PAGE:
90 percent of Bastrop State Park reopens

90 percent of Bastrop State Park reopens

The Leon Law Firm is excited to share the news that 90 percent of Bastrop State Park reopened last week. We know first hand the devastation that was caused by the fires and the Park reopening is a sign of good things to come for the good people of Bastrop.

by CHRISTINE DOBBYN / KTRK

BASTROP, Texas -- Seven months after the devastating wildfires ravaged the state, there's a major sign of recovery. Bastrop State Park reopened 90 percent of its trails Thursday after flames devastated the grounds.

Almost all of the park's 6,600 acres were scorched, but thanks to generous donations and dedicated volunteers, park visitors will see new life.

While many of the structures survived the wildfire, there was still a significant amount of damage and many trees had to be cut down.

But months later, there are new signs of life returning.

Like cleaning the carpets for the guests to return, dirt is swept off the roadways at the 6,500 acre park.

Under the canopy of charred trees, workers use hammers, drills and large machinery to repair a road leading to one of the campsites.

"When the fire came through, it was just like the last nail in the coffin for many of these trees," said Roger Dolle, the site manager for Bastrop State Park.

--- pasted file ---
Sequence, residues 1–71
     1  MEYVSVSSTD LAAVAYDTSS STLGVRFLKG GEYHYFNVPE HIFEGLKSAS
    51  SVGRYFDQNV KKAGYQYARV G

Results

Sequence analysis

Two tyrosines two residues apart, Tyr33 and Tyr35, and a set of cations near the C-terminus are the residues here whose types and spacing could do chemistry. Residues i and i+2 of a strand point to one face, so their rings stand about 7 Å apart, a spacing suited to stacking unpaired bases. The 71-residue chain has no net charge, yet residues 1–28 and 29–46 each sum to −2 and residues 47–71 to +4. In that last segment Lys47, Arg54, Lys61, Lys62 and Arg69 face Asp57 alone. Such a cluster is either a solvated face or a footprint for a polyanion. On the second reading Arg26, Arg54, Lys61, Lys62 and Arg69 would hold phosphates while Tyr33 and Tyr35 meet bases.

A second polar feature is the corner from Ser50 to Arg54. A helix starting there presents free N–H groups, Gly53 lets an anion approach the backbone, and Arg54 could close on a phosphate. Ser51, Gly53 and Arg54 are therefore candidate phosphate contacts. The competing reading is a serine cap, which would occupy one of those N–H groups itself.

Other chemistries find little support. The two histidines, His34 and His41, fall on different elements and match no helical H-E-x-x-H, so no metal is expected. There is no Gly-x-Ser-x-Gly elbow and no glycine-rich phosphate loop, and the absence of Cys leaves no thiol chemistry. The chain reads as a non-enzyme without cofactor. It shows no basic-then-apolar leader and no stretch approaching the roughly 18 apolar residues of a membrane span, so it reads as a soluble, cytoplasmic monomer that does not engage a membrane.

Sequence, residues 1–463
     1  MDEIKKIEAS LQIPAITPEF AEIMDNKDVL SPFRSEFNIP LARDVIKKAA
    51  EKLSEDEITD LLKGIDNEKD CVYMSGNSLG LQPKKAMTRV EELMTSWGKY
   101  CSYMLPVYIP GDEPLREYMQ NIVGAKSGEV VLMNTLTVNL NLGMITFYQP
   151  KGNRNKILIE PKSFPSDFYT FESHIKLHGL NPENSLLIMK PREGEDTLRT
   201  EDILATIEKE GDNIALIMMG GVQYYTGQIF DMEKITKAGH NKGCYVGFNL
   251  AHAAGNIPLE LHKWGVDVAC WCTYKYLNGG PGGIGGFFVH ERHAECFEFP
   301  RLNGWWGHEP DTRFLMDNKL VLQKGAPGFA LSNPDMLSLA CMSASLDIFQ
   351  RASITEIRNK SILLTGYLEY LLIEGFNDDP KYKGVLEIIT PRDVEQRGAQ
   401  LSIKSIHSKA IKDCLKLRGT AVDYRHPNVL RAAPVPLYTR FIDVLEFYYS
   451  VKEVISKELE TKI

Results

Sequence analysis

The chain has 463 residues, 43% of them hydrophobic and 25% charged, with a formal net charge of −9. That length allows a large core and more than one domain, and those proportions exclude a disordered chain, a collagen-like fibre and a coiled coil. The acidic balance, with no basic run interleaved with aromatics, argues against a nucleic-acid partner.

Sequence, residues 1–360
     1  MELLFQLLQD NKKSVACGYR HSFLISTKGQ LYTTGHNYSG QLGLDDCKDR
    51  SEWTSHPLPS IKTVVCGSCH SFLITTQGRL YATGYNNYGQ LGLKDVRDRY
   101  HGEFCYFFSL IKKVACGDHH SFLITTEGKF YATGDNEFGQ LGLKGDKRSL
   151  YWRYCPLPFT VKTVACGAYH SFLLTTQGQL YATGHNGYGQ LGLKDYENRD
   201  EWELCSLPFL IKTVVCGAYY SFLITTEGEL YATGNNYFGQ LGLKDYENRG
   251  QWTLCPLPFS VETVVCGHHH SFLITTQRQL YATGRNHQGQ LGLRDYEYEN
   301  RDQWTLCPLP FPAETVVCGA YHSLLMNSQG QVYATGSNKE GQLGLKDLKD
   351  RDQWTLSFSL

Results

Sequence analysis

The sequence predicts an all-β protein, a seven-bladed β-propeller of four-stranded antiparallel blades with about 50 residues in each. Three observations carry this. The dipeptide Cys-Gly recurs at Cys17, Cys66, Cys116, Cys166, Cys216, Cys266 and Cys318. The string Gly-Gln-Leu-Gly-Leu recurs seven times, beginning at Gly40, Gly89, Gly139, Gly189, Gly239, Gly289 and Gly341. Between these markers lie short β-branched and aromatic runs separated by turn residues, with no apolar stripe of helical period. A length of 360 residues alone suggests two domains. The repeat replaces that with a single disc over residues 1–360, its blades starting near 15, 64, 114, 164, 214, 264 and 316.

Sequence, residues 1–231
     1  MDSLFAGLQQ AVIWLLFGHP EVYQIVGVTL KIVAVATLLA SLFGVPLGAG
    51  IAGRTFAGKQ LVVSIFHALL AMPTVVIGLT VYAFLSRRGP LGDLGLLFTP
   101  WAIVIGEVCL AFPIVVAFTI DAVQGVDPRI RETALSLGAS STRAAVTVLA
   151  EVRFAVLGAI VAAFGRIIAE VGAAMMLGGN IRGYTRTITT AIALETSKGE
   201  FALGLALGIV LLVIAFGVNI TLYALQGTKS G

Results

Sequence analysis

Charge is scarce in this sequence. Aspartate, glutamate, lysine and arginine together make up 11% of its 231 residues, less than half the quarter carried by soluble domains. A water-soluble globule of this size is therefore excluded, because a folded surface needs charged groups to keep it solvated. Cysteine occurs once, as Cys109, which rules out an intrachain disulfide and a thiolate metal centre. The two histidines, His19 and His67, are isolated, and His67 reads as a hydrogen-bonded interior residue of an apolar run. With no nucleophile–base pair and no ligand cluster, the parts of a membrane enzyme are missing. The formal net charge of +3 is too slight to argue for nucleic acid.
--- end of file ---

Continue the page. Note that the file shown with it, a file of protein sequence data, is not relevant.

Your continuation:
The September wildfires burned through 96 percent of the park. At the time, the behavior of the flames puzzled even the most experienced in the firefighting business.

"Some of our most intense fire activity was between midnight and 5 a.m.," Dolle said. "It did not get the rule book."

Restoring the park has come at a price. Donations and volunteers like Matthew Tibbs have helped account for one-fourth the budget shortfall.

"As you can see, it's had a lot of damage," Tibbs said. "It still has a unique beauty about it, and it's interesting to see the new forest growth."

"There is no way we could have gotten to this point with a lot of the projects that we are doing," Dolle said.

Then hard rains in January caused more damage because of the lack of vegetation to absorb the water.

"Since there was no vegetation after the fire, it kept blowing and going," Dolle said.

Many improvements can be seen. Some are more subtle as moderately burned areas are starting to see regrowth.

"We have a lot of native species coming back and we have a lot of invasive species that are starting to rear their ugly heads," Dolle said.

And while they still search for funding to finish the job, there is pride in this progress.

"Reinvigorate this town and this community that needs our support and our helping hands," Tibbs said.

Many of the cabins and campgrounds are booked through the end of May.

"We're not at the end of the road, we're not even close," Dolle said.

There are still many unfinished projects, so if you'd like to help out and donate, visit the state park's website.

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